Sustainable food systems, the key to ending hunger and malnutrition

The international community is committed to eradicating hunger and all forms of malnutrition for 2030 through Agenda 2030 's second sustainable development goal. It is a bold and ambitious goal and will not be easy to reach, but I am convinced that we can achieve it. In the European region and Central Asian, countries are on the right track. Most have made considerable strides in reducing the proportion of the hungry population, but important food security and nutrition problems persist.

Some continue to have difficulties with the so-called Triple burden of malnutrition: malnutrition, persistent micronutrient deficiencies, and, at the same time, increased obesity and overweight rates. Micronutrient deficiencies and overweight in children and adults have become two of the main concerns in the region, both resulting in limitations of human capacity and productive losses.

Perhaps even more striking is the moderate or severe food insecurity indicator that, according to the so-called food Insecurity Experience scale, reveals that 14.3 million adults in the region are still seriously affected by the Food insecurity. Hunger and malnutrition have many interconnected causes, which makes a global response necessary. These could be some of their foundations:

First of all, sustainable food systems. From the stages of production to consumption, agriculture and sustainable food systems provide food security and nutrition for all without compromising the ability of the planet to continue producing for future generations. Having seen the effects of climate change, achieving them will involve sustainable agriculture, forestry and fisheries, diversifying production, and ensuring that agriculture contributes both to mitigate and to adapt to climate change. It also means that the natural resources of this region must be managed – including water, soils, biodiversity, forests and unique and fragile ecosystems – in a sustainable manner.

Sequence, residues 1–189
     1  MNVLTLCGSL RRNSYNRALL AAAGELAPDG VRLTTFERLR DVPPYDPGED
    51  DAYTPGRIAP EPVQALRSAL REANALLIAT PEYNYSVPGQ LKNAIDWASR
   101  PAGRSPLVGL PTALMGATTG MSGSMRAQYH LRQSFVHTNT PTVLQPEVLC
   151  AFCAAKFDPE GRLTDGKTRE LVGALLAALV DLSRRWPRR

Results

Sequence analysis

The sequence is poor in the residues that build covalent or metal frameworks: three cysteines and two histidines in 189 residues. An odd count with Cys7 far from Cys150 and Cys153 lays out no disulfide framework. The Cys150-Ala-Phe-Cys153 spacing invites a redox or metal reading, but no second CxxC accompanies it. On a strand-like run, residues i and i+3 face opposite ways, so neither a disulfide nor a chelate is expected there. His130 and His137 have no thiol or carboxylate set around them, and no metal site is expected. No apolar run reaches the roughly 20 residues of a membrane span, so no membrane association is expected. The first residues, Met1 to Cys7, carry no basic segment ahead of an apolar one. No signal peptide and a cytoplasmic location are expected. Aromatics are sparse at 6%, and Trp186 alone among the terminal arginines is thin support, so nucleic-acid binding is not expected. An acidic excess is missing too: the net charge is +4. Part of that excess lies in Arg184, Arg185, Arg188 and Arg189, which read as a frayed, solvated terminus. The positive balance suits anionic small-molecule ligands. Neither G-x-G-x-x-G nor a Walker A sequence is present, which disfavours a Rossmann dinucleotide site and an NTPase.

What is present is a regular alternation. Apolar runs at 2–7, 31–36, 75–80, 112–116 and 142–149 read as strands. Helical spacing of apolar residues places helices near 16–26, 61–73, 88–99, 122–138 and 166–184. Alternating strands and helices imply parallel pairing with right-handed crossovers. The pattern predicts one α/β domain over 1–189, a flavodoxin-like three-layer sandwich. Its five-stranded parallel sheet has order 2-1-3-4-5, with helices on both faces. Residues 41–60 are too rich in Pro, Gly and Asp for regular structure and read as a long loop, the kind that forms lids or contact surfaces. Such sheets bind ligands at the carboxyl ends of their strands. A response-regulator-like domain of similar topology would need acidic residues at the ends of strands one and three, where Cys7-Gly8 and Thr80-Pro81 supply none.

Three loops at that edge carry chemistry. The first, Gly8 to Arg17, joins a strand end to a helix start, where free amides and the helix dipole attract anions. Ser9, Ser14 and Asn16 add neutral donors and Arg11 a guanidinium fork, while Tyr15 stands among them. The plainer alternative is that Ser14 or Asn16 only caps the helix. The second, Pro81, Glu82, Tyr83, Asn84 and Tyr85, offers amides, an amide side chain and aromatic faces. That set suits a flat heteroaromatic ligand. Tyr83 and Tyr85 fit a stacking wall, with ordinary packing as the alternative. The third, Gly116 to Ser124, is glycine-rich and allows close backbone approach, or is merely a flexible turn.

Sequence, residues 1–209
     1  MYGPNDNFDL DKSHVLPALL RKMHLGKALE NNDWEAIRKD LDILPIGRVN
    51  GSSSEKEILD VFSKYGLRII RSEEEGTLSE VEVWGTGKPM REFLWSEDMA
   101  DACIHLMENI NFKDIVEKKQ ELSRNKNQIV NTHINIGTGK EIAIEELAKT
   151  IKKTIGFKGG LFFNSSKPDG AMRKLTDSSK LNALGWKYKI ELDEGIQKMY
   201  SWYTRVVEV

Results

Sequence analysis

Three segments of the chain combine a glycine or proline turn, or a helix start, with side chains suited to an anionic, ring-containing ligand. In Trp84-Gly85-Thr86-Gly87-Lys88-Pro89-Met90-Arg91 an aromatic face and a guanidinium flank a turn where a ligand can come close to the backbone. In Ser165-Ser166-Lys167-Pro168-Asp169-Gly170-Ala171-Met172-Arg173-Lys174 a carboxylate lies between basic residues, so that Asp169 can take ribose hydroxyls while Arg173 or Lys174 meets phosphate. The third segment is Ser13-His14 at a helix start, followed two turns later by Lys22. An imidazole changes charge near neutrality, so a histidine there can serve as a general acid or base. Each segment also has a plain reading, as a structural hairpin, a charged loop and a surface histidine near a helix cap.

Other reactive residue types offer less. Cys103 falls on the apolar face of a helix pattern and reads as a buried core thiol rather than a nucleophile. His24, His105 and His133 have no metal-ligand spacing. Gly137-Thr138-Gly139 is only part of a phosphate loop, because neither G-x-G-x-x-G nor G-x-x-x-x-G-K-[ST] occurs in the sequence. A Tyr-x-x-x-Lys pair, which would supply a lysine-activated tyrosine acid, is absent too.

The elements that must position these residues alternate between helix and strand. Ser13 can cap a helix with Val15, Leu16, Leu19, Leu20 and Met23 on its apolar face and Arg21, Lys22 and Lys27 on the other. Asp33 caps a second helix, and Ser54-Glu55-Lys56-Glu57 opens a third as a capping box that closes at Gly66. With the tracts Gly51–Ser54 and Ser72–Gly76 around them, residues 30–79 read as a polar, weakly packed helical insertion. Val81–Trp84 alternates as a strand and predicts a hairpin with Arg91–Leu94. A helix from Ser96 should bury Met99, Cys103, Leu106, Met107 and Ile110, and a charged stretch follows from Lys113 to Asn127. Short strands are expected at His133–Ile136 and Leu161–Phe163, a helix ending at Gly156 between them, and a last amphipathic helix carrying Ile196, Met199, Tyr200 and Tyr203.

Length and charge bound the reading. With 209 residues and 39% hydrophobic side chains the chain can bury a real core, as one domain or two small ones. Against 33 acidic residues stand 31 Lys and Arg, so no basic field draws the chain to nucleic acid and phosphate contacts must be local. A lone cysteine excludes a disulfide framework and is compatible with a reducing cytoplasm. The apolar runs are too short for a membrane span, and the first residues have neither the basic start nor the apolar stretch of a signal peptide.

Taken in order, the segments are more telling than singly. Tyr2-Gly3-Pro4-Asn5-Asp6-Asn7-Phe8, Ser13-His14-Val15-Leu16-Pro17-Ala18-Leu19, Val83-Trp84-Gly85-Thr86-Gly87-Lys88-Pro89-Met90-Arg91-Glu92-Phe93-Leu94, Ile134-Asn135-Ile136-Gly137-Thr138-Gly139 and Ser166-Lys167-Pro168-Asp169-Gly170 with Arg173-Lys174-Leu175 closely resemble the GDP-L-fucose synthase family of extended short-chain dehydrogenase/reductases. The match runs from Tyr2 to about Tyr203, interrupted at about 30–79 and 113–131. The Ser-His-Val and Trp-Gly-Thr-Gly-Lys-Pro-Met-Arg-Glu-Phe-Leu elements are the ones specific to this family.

Eradicating hunger is not the only big challenge we have. Today, the world is witnessing a real epidemic of overweight

Secondly, we must ensure regular access to adequate food and healthy diets for all. Eradicating hunger is not the only big challenge we have. Today, the world is witnessing a real epidemic of overweight and obesity, and the numbers continue to go up in most developing and developed countries. In 2015, there were over 1.9 billion of overweight adults in the world. Of them, more than 650 million were obese. Excessive consumption of processed foods rich in salt and sugar is the main engine of this increase. Countries should address this situation by promoting sustainable diets and, in that sense, national public policies are fundamental. Consumers should know the benefits and disadvantages of what they eat. To do this, we must redouble efforts in nutritional education, raise awareness of its importance, and regulate labelling and advertising.

Third, there is there is to end waste and food losses. One third of all the food we produce is lost or wasted every year. To put an end to this absurdity we will need the commitment of producers, traders and consumers in all countries, both to minimize losses during production, storage and transport and to reduce the waste of food By vendors and consumers while strengthening consumer choices. I would like to stress that several actors in the food industry in the region have already presented concrete measures and proposals. In several countries there are already initiatives underway to raise awareness on this issue, identify solutions and take a different legislative approach. Improvements in the efficiency of farms throughout the region will also reduce losses during production.

Finally, we must end rural poverty. Supporting small farmers and family farmers is essential because they have the key to sustainably nurture a growing world population, and to help eradicate extreme poverty.

There are less than twelve years left for 2030, and the countries of Europe and Central Asia cannot lower their guard. Promoting sustainable food systems is key to achieving sustainable development.